“The one who comes by way of crisis goes away by way of crisis” is a mantra that one often hears in Turkey’s opposition quarters. It’s about President Recep Tayyip Erdogan, who was propelled to power by a crisis that erupted in 2001, then the worst Turkey had ever seen. In early elections in 2002, voters held the ruling coalition responsible for the joblessness and abrupt impoverishment the crisis had caused. All three coalition parties were ousted from parliament, and Erdogan’s Justice and Development Party (AKP) won a mandate to govern the country alone.
After 16 years of AKP rule, Turkey is again facing an economic crisis, fueled by the meltdown of the Turkish lira. The first omen came when the lira began to slide ahead of the 2017 constitutional referendum that Erdogan called to pave the way for an executive presidential system. The currency crisis worsened abruptly in early August, following Erdogan’s victory in the June 24 presidential polls. The lira lost 23.3% of its value in a single day on Aug. 10. US President Donald Trump’s decision to raise tariffs on steel and aluminum imports from Turkey played a triggering role, but the central problem was Turkey’s increased economic fragility under the growing weight of bulky foreign debts.
The lira’s depreciation has led to a sharp surge in inflation, an economic slowdown and more jobless people. So the one projected to “go away by way of crisis” is, of course, Erdogan. But is it that easy?
Anticipation of his demise appears to be sprouting among some foreign observers. Take, for instance, the Sept. 25 report by the Washington Post.
The report is about Turkey’s building spree now “crashing to a halt.” Referring to the Turkish Central Bank’s mid-September rate hike, it reads, “The belated rate increase virtually guarantees a recession — with unpredictable political fallout, economists say. In the months ahead, the president will face more tough decisions, including over a potential IMF bailout, that will test his ability to balance crowd-pleasing rhetoric and the economy’s need for bitter medicine. The danger is that Erdogan’s slow-motion pragmatism may not move fast enough to prevent a Turkish meltdown. ‘Authoritarian regimes run into trouble when the economy runs into trouble,’ said Harvard University government professor Jeffry Frieden, author of ‘Global Capitalism.’”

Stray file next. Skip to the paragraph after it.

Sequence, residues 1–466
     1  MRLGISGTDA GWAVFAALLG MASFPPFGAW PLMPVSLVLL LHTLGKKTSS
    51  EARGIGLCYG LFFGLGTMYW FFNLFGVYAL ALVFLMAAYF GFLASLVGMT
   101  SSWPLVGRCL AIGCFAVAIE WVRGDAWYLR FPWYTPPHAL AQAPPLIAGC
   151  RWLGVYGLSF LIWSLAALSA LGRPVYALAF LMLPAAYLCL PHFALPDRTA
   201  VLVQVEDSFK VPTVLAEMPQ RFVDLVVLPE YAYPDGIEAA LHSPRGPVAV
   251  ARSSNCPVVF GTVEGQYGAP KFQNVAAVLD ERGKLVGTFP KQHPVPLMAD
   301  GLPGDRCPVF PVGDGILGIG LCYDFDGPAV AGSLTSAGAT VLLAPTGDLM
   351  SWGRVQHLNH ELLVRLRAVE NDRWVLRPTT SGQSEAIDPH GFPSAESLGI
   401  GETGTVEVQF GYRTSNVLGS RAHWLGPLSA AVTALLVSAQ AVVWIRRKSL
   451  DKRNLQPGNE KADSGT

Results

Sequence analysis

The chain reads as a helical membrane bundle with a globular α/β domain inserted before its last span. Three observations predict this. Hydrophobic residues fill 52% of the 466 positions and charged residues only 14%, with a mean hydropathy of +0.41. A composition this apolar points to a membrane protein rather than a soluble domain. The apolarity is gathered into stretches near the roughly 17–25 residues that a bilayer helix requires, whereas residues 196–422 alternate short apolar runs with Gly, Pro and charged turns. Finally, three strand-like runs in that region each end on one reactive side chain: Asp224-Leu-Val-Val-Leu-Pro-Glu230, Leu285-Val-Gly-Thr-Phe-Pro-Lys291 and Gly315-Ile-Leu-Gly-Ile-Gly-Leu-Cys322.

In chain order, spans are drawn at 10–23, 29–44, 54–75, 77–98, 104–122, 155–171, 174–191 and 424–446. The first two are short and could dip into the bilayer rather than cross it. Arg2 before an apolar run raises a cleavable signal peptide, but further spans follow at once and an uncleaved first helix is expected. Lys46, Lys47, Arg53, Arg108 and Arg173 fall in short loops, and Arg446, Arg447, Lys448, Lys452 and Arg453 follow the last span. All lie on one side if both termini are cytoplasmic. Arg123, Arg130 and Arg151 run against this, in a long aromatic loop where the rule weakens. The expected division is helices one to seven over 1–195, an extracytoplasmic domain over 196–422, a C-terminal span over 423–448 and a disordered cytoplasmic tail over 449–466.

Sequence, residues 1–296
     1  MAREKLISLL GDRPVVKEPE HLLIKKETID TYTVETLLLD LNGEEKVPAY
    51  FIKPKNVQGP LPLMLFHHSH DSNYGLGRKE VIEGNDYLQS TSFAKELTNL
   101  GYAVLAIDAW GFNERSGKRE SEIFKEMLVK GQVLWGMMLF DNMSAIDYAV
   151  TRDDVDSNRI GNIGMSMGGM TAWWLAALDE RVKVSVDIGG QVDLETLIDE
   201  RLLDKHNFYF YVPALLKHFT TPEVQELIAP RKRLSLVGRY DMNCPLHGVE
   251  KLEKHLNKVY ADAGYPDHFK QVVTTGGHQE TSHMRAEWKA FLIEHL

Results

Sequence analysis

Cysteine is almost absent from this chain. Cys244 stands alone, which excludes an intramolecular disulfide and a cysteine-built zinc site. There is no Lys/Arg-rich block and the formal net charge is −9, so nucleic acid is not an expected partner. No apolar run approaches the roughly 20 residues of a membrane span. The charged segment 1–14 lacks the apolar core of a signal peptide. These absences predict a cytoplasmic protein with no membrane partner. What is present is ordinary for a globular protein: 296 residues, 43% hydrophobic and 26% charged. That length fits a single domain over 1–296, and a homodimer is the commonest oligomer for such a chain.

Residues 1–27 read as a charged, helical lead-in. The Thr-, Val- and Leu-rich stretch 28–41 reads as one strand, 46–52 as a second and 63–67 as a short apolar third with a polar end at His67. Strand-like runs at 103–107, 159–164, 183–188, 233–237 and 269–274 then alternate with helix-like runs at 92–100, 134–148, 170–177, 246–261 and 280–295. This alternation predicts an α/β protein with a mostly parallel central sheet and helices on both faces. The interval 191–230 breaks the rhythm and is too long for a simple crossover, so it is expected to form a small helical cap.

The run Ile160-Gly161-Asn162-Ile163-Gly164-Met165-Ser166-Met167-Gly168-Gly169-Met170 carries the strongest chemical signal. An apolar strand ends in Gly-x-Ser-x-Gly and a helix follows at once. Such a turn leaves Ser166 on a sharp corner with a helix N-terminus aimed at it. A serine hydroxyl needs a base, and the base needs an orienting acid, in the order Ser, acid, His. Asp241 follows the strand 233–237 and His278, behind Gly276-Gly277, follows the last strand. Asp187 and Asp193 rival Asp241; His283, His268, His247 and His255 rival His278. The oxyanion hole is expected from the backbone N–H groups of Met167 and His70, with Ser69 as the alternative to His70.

The scholar sees Turkey as an “authoritarian” regime, a description that has gained general acceptance in the Western hemisphere in recent years. One could also speak of a general consensus that economic growth requires intolerance of corruption, merit-based decision-making, sound legal guarantees for private property and business contracts and a properly functioning judicial system.
In Turkey, those prerequisites have become increasingly elusive since the failed 2016 coup attempt that led to a state of emergency that virtually suspended the rule of law, and the ensuing transition to a presidential regime under which this situation has continued largely unchanged. In a country that lacks those prerequisites, one can speak only of misgovernment or the lack of the ability to govern. It was no coincidence that the first signs of Turkey’s currency crisis emerged ahead of last year’s constitutional referendum, which marked the prelude to an authoritarian presidential regime.
In comments to Al-Monitor, Ersin Kalaycioglu, a political science professor at Istanbul’s Sabanci University, described the most crucial element that Ankara needs to steer the country out of crisis.
Read more HERE